“It’s difficult to pass budgets”? Tough. That’s your job. If you can’t do it, don’t seek office. Unless House leadership changes course, this would be the first time since 1973 that the House won’t pass a budget, and it would set a terrible precedent.
As Rep. Paul Ryan, R-Wisc., points out, Congress hasn’t had any trouble spending money lately: “What we’re basically saying is after just raising taxes $670 billion dollars this session, after raising spending $1.8 trillion dollars this session, after creating a whole new health care entitlement this session, we’re not even going to budget?”
Not having a budget framework would mean Congress wouldn’t even attempt to cap discretionary spending for next year. It’s not enough for lawmakers to “deem” that they’ve met spending targets. “Deeming” won’t make the money appear in our national coffers.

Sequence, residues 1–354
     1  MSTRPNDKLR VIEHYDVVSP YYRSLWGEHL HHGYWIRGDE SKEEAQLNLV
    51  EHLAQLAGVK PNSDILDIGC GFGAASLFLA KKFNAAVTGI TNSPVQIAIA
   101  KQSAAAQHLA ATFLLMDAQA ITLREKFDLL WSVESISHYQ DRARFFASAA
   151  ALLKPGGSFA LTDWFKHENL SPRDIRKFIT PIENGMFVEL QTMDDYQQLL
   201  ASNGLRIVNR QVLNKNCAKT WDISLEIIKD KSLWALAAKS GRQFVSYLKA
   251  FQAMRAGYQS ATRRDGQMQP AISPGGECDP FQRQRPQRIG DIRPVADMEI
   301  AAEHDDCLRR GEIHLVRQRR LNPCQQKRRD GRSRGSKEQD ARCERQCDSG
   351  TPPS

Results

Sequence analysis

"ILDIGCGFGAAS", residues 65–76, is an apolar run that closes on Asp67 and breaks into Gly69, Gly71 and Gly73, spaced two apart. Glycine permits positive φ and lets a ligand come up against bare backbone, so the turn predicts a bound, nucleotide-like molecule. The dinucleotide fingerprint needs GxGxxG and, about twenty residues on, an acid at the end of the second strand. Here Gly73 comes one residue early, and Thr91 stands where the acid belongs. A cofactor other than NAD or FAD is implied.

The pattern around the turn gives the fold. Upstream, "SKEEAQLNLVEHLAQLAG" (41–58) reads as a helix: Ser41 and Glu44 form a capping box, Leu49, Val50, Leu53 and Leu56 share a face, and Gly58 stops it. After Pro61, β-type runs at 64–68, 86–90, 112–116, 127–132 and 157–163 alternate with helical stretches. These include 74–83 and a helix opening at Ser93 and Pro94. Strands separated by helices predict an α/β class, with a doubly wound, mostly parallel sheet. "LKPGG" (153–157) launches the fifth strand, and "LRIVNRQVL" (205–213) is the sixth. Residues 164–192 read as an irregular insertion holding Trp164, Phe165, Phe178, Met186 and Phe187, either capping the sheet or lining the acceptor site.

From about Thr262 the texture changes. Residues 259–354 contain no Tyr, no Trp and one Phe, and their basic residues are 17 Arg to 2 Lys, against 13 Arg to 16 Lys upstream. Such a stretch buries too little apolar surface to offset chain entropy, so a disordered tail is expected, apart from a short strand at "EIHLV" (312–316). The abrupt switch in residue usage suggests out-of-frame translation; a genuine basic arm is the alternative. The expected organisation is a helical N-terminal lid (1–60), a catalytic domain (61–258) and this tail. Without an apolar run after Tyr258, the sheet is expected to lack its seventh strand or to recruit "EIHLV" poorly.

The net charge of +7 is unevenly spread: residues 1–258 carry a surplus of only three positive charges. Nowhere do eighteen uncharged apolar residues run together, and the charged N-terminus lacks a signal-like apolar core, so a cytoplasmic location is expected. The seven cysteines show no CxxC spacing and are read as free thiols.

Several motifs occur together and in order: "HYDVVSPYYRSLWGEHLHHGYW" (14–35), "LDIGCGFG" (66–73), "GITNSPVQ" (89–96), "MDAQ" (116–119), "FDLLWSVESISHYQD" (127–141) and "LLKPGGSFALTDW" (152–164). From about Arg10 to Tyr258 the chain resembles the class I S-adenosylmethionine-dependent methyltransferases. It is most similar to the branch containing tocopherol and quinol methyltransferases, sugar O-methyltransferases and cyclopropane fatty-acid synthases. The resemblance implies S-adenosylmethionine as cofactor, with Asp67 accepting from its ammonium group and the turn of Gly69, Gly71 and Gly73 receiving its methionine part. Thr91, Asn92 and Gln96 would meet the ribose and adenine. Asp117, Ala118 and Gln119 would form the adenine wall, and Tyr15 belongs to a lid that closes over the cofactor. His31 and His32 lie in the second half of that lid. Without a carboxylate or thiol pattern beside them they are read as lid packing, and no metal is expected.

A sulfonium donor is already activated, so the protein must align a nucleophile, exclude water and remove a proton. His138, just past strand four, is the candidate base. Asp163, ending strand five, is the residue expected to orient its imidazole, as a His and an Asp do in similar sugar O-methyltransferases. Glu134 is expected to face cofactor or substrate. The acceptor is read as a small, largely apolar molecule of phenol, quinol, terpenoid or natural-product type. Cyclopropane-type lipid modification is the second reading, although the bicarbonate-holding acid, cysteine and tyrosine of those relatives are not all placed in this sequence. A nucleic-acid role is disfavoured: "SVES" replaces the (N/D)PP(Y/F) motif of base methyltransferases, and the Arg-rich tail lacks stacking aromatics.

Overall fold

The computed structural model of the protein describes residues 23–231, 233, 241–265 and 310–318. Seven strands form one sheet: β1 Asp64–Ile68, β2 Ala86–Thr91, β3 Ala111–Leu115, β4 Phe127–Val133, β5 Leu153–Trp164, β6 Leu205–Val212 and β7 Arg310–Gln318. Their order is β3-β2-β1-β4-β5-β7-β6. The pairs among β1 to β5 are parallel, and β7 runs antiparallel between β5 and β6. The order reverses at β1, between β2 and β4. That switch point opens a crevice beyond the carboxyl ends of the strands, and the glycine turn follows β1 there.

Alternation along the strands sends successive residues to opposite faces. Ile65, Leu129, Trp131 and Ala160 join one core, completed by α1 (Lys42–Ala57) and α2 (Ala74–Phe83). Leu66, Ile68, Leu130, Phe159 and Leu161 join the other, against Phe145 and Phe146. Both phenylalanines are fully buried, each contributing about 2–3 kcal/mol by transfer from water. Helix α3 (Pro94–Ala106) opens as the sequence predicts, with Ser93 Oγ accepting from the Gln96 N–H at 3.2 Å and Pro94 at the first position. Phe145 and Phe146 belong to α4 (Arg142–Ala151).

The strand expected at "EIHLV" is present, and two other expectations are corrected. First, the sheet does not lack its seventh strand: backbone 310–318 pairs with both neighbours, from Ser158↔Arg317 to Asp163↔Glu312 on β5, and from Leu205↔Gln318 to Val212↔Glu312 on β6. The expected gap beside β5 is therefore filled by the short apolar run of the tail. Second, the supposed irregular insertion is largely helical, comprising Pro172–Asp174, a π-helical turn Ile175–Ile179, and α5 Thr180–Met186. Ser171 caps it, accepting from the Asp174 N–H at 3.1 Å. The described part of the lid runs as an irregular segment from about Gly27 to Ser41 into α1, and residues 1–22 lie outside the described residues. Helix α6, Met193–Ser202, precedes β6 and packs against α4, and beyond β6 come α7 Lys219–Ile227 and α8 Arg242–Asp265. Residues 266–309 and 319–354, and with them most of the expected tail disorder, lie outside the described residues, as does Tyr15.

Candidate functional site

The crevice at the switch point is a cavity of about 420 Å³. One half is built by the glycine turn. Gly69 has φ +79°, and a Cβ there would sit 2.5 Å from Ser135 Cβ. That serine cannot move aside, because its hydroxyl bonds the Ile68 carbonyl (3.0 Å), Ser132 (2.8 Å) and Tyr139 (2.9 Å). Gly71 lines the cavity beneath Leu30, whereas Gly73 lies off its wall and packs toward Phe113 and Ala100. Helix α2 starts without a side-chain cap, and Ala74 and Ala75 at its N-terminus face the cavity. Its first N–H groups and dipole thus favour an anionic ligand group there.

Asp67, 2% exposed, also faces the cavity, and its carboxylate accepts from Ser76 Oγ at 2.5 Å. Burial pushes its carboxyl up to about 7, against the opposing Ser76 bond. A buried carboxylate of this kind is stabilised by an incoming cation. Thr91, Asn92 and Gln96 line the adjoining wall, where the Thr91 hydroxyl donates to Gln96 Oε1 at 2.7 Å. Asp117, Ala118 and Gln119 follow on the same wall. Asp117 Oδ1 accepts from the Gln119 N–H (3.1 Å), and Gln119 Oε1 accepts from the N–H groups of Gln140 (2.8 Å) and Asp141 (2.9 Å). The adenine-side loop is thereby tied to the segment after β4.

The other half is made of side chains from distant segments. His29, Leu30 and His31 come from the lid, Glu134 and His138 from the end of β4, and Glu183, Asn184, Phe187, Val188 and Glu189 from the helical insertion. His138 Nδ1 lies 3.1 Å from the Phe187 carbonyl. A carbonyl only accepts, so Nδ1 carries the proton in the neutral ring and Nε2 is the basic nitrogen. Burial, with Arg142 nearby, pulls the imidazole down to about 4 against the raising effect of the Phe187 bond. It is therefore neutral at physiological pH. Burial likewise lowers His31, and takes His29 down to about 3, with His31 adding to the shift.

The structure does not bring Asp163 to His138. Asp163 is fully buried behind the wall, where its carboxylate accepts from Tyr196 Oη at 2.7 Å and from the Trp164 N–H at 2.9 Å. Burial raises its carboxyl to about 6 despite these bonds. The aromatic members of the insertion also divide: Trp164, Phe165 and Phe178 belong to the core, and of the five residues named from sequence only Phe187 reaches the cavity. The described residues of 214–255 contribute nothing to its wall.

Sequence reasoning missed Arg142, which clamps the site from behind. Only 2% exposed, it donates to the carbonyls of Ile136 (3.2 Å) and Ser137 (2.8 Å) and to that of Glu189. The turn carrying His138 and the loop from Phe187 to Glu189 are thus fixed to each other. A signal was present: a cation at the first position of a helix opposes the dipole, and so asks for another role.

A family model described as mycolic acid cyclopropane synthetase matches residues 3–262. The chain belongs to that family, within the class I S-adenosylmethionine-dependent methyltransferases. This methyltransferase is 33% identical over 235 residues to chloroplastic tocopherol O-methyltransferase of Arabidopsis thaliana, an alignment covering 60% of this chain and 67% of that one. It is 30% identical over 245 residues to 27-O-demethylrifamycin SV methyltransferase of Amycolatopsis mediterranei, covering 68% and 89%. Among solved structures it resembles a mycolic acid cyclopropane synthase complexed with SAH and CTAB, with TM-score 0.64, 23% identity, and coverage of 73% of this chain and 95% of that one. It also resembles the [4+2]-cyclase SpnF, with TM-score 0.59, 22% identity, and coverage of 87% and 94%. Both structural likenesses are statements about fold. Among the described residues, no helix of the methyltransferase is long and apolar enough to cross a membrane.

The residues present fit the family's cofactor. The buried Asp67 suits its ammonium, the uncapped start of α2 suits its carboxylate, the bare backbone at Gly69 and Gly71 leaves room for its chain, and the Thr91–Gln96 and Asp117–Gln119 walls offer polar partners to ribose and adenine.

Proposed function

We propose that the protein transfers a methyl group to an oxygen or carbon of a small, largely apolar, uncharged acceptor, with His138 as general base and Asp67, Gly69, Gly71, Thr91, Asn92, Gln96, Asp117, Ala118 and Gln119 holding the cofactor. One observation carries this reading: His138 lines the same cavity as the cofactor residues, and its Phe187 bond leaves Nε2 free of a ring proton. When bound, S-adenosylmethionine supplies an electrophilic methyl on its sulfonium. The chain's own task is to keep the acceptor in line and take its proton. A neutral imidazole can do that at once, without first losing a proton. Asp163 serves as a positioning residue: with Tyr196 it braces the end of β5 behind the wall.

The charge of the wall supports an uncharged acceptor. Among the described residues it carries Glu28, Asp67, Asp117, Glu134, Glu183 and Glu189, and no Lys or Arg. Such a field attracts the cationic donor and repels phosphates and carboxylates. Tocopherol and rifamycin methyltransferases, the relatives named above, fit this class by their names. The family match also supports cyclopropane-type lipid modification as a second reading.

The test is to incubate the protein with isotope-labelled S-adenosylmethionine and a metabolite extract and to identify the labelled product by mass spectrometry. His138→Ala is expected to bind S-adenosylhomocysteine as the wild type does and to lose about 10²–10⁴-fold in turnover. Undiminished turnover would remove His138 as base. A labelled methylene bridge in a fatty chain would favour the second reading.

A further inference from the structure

Lawmakers realize they’ve already overspent. As federal revenues tumbled, the Obama administration pushed through a $862 billion “stimulus” bill, an 8 percent hike in discretionary spending, another unpaid-for Medicare “doc fix,” and a trillion-dollar health care expansion.
Congress ought to start pushing back by passing a budget -- one that begins to roll back spending and decrease our soaring national debt. They owe taxpayers at least that much.